Call for NYC Parade for Iraq and Afghanistan Vets

Army Pfc. White waves an American flag while the confetti and tickertape fall on the Welcome Home parade honoring the coalition forces of Desert Storm in New York, June 10, 1991. U.S. Air Force photo by Staff Sgt. Chuck Reger

Two years after veterans of the wars in Afghanistan and Iraq asked for a ticker-tape parade down New York City's famous "Canyon of Heroes," a senator said now the time is right with the Afghanistan war winding down.

"Now is the time to keep with long-standing American tradition and kick off a campaign for the first New York City welcome home parade for troops that served in Iraq and Afghanistan," Sen. Chuck Schumer, D-N.Y., said in a statement Monday.

Schumer pointed out that several ticker-tape parades were held for returning World War II troops even while the war was going on. Vietnam veterans got a parade in 1985, 10 years after the U.S. ended its combat operations there, he said.

Desert Storm veterans were given the "Canyon of Heroes" parade in 1991 shortly after the end of hostilities in Iraq.

"With the completion of the Afghanistan combat mission expected at the end of this year, and with Iraq's official end far behind us, it's time for New York to stake its claim and for the Department of Defense to join in planning this welcome home celebration," he said.

At the Pentagon, a spokesman confirmed that Schumer's request has been received and officials now are "reviewing it to determine the level of support the Department of Defense is legally and logistically able to provide."

Defense Department support means joint military color guards and bands, troop formations, equipments and flyovers, Schumer said.

In 2012, the White House marked the end of the Iraq War with a dinner that included about 200 guests, service members who represented the more than 1 million troops who served in the conflict. Officials with the Iraq and Afghanistan Veterans of America had suggested a parade through New York City would have been more fitting.

Paul Rieckhoff, founder and chief executive officer of IAVA, said a New York City parade does more than just send tons of ticker tape streaming from the buildings, it sends a national message.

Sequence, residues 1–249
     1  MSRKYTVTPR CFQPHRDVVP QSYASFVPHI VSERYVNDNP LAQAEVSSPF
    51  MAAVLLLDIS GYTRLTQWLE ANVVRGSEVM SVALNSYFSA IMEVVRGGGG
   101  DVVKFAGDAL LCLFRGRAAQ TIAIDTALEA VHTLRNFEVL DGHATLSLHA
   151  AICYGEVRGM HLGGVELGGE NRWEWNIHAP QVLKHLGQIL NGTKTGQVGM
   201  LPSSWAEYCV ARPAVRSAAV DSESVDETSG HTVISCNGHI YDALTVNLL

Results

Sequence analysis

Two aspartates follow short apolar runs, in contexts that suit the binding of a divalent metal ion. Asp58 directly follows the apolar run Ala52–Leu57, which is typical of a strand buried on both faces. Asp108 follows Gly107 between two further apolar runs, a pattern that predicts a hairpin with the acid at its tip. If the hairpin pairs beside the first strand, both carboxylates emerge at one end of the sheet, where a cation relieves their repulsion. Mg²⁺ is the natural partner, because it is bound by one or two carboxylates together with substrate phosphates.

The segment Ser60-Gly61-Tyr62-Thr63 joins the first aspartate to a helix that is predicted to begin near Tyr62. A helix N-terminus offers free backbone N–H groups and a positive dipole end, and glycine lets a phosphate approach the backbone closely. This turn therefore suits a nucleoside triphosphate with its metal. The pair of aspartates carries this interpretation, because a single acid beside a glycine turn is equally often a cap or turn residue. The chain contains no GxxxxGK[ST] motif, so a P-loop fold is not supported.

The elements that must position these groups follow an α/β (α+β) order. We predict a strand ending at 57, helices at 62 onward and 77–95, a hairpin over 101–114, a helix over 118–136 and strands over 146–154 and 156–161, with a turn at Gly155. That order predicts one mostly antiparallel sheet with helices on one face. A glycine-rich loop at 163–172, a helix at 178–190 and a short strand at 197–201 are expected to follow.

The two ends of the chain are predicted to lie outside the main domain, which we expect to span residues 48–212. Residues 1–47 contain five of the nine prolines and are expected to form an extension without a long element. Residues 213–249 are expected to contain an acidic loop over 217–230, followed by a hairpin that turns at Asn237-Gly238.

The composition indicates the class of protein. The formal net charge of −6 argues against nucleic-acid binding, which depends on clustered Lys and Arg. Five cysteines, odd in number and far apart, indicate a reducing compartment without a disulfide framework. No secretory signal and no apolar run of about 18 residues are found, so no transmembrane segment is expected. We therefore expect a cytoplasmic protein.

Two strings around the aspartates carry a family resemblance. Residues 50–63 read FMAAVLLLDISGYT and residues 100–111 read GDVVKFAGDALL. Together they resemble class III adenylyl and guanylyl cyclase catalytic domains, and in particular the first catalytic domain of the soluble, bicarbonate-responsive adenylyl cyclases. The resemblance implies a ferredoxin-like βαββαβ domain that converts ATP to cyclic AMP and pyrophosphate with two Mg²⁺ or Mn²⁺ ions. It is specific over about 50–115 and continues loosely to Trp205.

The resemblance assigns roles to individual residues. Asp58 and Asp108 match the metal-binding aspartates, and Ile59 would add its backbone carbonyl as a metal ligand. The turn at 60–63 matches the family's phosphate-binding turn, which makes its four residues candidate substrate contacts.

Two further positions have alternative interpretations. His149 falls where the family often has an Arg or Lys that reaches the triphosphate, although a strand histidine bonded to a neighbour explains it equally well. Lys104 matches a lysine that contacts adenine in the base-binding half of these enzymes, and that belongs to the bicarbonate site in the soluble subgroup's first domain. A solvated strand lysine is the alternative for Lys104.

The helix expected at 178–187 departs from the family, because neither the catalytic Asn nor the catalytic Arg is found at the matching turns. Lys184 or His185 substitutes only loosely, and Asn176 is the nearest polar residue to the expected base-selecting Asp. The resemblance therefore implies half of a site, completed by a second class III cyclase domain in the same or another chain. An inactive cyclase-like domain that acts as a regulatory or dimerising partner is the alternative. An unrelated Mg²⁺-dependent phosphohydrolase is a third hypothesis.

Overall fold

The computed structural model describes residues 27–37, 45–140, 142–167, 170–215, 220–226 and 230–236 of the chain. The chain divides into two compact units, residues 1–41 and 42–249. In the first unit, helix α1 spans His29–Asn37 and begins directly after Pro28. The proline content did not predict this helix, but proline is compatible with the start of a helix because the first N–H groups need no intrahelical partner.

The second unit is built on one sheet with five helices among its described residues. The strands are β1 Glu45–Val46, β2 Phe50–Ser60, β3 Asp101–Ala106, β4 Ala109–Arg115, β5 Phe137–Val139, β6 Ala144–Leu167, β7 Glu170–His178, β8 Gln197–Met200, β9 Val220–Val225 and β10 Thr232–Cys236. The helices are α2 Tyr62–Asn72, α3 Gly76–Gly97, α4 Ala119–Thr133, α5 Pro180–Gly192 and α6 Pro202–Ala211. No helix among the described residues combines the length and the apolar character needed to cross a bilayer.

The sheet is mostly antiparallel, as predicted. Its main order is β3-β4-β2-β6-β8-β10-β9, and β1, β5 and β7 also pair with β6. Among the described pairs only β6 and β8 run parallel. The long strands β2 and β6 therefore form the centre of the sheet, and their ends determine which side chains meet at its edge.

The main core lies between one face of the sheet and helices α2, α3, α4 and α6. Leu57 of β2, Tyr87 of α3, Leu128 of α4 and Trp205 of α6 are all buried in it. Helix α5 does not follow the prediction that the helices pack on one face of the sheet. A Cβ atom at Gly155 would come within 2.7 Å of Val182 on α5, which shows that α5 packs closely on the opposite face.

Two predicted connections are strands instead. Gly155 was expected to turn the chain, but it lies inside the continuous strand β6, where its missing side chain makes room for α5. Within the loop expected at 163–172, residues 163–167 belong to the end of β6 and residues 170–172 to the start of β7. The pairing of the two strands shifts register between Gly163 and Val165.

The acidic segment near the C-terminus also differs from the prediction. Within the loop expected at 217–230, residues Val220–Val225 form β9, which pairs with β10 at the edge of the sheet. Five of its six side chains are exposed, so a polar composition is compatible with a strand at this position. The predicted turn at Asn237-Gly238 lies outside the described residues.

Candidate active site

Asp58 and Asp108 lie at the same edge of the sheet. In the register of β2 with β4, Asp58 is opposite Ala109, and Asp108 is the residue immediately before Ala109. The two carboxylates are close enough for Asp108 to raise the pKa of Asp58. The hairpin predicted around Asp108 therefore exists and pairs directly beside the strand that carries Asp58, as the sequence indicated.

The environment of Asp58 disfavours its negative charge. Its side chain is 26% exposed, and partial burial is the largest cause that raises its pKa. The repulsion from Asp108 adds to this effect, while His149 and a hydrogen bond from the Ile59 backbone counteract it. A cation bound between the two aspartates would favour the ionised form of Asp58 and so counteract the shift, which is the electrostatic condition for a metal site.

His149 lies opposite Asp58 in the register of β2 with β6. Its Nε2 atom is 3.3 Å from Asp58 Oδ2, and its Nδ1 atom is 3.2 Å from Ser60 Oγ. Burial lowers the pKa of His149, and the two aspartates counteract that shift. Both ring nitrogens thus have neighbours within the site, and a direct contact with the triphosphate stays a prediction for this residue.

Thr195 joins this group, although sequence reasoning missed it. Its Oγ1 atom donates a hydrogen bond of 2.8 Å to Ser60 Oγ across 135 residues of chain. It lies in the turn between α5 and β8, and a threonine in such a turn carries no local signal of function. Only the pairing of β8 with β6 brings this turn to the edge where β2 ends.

"We hope a parade in New York City shines a spotlight on the sacrifices of veterans, galvanizes public support and inspires other cities to follow," he said. "As a national organization headquartered in New York City, we appreciate the power of our home city to lead our country in supporting our newest generation of veterans."

Vietnam veteran Vincent McGowan, founder and president of the United War Veterans Council of New York, joined IAVA representative at Schumer's announcement and supported the proposal.

"New York City is the best place -- the only place -- to host a national welcome home parade for the latest generation of veterans," he said.

When IAVA and other supporters floated the idea of a "Canyon of Heroes" parade for Post-9/11 veterans in early 2012, they got little support.

The Veterans of Foreign Wars and The American Legion did not reject the idea, but neither supported it. Spokesmen pointed out that American troops were still engaged in combat in Afghanistan, the view expressed by the Obama administration.

Spokesmen for those groups today offered sparing endorsement, saying they support events to recognize veterans.

Two years ago, the administration, the Pentagon and then-New York City Mayor Michael Bloomberg all issued different levels of support.

Bloomberg said in a statement in late January 2012 that he liked the idea of a parade, but that the Pentagon advised him against it because it could put "troops still in the field at risk."

Days later, however, a Pentagon spokesman said a "national-level parade in New York City to honor Iraq veterans would not harm our efforts in Afghanistan." But the spokesman also said that a New York City parade "would be inappropriate at this time given ongoing deployment and combat operations [in Afghanistan]."

-- Bryant Jordan can be reached at Bryant.jordan@monster.com.

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